“Gospel wakefulness is not truly experienced if it does not open our hearts to others. A completely inward wakefulness is false wakefulness. While what Christ has done is the grounds of the gospel’s content, what Christ commands is the reference for the gospel’s implications, and from his own mouth we know that the greatest commandment is, ‘You shall love the Lord your God with all your heart and with all your soul and with all your strength and with all your mind, and your neighbor as yourself’ (Luke 10:27)
The gospel wakened church resolves to live for those outside it’s walls, to give herself away in love and on mission…… When awe of Jesus captures a church, her people become missionaries to their own communities and contexts, making this vow ‘Let each of us please his neighbor for his good, to build him up.’ And there is no greater good than Christ, no firmer foundation than him.”
~ Jared Wilson ~
As the mountains surround Jerusalem, so the Lord surrounds his people, from this time forth and forevermore. – Psalm 125:2 (ESV)
What a statement to hold on to! As followers of Jesus we are God’s people. Thus, what a difference it will make if we only live in light of this statement. As you embark on this week dwell on this statement and rest in the sovereignty of the Lord our God. For as Paul says so well: “We know that for those who love God all things work together for good, for those who are called according to his purpose.” (Romans 8:28 ESV)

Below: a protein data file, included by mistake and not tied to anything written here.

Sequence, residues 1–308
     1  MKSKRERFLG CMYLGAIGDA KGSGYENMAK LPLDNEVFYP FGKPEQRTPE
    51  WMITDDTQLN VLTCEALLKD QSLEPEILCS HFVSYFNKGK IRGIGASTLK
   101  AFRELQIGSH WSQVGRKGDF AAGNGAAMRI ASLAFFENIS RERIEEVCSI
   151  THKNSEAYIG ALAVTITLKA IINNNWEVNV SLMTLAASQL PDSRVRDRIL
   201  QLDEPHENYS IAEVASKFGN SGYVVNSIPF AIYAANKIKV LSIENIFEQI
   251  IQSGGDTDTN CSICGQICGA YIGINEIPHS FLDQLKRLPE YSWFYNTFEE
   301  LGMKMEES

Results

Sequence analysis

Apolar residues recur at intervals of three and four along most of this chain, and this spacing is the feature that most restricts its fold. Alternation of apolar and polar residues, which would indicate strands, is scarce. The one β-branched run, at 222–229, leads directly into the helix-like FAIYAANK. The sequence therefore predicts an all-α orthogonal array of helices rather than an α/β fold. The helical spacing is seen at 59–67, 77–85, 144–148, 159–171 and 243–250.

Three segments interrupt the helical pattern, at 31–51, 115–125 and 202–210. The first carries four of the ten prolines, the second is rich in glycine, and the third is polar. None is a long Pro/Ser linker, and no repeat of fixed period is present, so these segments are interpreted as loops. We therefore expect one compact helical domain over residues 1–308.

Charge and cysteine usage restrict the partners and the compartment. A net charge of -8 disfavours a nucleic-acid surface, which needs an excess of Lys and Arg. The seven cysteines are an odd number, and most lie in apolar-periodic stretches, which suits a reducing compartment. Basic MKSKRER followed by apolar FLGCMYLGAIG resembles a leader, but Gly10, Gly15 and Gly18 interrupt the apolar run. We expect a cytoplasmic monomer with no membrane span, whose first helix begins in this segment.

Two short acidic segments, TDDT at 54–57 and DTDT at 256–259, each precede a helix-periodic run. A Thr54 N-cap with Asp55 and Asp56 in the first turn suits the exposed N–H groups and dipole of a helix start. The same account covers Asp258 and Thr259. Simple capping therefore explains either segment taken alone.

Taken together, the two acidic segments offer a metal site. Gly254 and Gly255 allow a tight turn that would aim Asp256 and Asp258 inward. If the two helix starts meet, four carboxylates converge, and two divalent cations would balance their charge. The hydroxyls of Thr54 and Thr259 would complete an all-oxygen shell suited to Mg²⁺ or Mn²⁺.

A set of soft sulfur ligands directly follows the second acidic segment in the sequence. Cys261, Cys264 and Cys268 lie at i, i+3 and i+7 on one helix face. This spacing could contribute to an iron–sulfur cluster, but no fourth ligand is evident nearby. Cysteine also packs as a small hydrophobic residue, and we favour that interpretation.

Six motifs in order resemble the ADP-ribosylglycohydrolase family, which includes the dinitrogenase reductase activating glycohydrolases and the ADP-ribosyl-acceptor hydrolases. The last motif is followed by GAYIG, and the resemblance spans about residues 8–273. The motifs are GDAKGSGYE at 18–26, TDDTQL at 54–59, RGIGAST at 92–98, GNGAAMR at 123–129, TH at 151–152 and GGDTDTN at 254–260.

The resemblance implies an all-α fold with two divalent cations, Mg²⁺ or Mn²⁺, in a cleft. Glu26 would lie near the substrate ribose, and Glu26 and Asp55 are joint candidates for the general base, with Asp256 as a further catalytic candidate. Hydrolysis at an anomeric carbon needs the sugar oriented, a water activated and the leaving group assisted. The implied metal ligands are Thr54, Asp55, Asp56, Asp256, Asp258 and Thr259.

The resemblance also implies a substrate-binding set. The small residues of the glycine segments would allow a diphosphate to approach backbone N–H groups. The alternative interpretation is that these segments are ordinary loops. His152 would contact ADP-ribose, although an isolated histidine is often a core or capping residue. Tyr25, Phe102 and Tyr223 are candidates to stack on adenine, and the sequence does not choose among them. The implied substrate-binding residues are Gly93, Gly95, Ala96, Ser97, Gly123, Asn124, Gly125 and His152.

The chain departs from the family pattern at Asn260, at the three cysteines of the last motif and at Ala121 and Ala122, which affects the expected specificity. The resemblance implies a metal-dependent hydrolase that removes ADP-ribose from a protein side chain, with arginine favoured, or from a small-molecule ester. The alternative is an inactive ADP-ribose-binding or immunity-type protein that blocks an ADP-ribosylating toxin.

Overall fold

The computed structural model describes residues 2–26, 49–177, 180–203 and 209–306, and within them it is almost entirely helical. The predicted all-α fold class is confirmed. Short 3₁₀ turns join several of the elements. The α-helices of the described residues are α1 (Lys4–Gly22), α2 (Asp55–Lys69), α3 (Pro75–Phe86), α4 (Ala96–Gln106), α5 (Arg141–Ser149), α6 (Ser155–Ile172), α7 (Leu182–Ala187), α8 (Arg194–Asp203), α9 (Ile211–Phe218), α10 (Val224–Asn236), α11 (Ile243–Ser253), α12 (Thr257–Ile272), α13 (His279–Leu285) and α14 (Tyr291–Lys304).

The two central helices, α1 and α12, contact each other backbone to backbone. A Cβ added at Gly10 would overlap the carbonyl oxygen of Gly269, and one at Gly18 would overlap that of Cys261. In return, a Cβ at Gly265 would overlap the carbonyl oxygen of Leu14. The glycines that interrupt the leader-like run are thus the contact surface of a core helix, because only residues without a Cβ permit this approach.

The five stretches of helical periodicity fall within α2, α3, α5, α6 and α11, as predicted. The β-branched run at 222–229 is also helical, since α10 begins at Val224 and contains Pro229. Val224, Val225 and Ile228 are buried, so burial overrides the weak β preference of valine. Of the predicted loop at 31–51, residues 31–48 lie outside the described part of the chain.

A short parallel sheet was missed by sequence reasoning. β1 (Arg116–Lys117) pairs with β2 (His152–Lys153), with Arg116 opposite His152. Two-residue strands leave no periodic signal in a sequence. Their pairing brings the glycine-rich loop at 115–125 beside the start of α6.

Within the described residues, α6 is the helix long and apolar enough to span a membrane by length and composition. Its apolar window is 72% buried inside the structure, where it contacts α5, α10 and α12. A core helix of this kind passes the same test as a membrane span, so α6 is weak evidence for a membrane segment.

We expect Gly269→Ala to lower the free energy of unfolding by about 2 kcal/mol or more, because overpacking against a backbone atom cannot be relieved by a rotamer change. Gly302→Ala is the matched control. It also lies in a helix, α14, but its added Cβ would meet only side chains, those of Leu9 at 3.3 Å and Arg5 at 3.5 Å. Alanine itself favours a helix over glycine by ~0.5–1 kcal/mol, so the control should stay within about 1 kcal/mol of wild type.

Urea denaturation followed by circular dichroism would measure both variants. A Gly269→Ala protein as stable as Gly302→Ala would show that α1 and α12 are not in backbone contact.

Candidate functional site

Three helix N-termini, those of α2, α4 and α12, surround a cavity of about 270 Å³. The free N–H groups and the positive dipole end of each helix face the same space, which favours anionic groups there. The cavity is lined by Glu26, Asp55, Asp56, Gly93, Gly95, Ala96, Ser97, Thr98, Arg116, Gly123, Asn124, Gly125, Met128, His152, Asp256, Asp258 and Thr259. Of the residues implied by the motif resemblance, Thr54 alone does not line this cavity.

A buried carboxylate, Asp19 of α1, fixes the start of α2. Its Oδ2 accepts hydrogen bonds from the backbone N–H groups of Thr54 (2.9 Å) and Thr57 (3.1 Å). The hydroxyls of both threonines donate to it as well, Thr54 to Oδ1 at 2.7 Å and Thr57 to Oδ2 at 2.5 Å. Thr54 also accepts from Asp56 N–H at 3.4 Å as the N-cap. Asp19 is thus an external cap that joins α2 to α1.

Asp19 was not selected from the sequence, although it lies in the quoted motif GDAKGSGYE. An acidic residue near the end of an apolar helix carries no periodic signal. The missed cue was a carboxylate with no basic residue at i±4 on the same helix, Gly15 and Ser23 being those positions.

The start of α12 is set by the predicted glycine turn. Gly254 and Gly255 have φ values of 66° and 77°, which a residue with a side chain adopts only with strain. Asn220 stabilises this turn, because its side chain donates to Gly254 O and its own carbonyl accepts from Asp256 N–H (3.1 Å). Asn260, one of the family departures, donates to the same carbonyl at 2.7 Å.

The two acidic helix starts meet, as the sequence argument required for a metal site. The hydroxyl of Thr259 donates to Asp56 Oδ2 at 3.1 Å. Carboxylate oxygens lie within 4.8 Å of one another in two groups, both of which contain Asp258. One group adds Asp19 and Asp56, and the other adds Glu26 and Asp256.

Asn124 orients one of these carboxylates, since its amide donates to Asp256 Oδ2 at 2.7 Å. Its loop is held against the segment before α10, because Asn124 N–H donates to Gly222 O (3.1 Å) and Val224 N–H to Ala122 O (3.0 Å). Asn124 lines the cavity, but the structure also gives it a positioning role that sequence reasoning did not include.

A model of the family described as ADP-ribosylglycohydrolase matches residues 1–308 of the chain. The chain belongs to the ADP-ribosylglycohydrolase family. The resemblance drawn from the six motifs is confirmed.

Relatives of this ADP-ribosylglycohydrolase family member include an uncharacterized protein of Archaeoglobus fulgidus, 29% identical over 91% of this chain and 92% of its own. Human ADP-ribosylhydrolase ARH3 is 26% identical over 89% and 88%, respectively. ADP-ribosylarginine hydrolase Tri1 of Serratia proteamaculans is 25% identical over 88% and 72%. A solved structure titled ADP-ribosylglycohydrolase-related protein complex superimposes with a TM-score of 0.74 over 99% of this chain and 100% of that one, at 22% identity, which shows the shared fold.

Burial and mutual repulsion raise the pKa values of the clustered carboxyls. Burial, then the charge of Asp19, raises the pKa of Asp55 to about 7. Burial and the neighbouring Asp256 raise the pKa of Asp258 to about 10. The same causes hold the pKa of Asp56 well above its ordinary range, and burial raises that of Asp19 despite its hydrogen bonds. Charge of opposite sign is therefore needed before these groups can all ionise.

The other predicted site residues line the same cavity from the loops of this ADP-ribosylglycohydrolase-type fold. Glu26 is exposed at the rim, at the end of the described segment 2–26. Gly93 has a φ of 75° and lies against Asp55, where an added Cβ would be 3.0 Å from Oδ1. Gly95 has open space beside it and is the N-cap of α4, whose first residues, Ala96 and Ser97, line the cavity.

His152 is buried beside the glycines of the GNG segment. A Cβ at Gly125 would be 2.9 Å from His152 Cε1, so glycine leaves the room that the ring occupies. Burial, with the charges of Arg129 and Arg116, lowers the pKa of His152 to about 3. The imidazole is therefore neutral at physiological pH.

In Psalm 119 we find the psalmist expressing a overwhelmingly adamant desire to be tied to God’s word God’s Word in every way possible. He wants to be engulfed by it. He wants to be enraptured by it. He wants to be consumed by it. He wants to be defined by it. He never wants to stray from it. Why? Because, he finds ALL hope, worth, and joy in it. My prayer today is that we might all approach God’s Word with such inexorable zeal and intention!
O foolish Galatians! Who has bewitched you? It was before your eyes that Jesus Christ was publicly portrayed as crucified. Let me ask you only this: Did you receive the Spirit by works of the law or by hearing with faith? – Galatians 3:1-2 (ESV)